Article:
The NGO disagreed with the auditor’s draft report, drawing attention to timesheets which were not considered by the auditors but which provide the base for summary reports cited by the auditors. The time sheets were based on those described by the EC in its FP7 Financial Guidelines. The NGO’s comments were included in the draft audit report.
In July 2013 the NGO met with the EC to explain their time sheet system. While the EC accepted that the system was adequate, in 2014 they started to recover the (allegedly) over claimed personnel costs from the NGO. This was because the meeting – set up by the EC to discuss the audit results - took place after the 30 day deadline for submitting comments on the audit report.
However, because the NGO had drawn the EC’s attention to the additional information on time recording in its comments included in the draft audit report, the Ombudsman concluded that the EC should have considered these before finalising the audit report and implementing the results by recovering the (alleged) over payments. It recommended that the EC should review its position, re-examine the timesheets and, if the timesheets are in fact reliable, reverse its decision.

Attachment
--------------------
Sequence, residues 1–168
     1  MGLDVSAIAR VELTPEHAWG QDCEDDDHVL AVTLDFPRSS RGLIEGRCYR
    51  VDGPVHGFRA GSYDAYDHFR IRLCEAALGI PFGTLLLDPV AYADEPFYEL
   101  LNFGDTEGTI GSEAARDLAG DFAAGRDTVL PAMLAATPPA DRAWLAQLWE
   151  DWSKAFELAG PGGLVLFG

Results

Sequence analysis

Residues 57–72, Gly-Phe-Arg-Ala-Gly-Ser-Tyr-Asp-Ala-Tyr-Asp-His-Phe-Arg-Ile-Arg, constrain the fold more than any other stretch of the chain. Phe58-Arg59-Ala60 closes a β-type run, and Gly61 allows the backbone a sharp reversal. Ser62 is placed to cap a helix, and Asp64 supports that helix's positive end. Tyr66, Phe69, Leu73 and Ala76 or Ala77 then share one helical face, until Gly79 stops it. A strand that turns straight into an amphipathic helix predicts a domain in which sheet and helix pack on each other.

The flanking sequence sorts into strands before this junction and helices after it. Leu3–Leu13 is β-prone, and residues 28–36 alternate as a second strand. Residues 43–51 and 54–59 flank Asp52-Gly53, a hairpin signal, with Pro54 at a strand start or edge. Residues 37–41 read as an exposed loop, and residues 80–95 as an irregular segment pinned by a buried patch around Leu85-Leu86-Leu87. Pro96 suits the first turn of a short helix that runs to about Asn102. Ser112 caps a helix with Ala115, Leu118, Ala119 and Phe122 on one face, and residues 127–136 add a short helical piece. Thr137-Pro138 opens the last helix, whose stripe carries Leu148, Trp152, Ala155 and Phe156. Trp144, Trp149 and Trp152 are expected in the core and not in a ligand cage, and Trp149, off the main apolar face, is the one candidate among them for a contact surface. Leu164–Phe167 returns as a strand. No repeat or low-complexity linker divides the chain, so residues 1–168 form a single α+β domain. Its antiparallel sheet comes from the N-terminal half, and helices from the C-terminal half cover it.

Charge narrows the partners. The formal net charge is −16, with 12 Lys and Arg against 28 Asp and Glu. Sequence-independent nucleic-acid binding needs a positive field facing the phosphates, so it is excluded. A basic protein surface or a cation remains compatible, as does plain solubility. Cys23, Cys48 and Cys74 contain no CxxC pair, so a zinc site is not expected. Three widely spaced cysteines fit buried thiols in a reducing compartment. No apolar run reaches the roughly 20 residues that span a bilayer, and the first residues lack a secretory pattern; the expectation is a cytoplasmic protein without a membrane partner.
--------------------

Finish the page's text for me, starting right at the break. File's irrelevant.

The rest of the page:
Despite receiving the Ombudsman’s recommendation in August last year, no response from the EC has been published. So, more than five years after the audit, the case is unresolved. Could this be a record?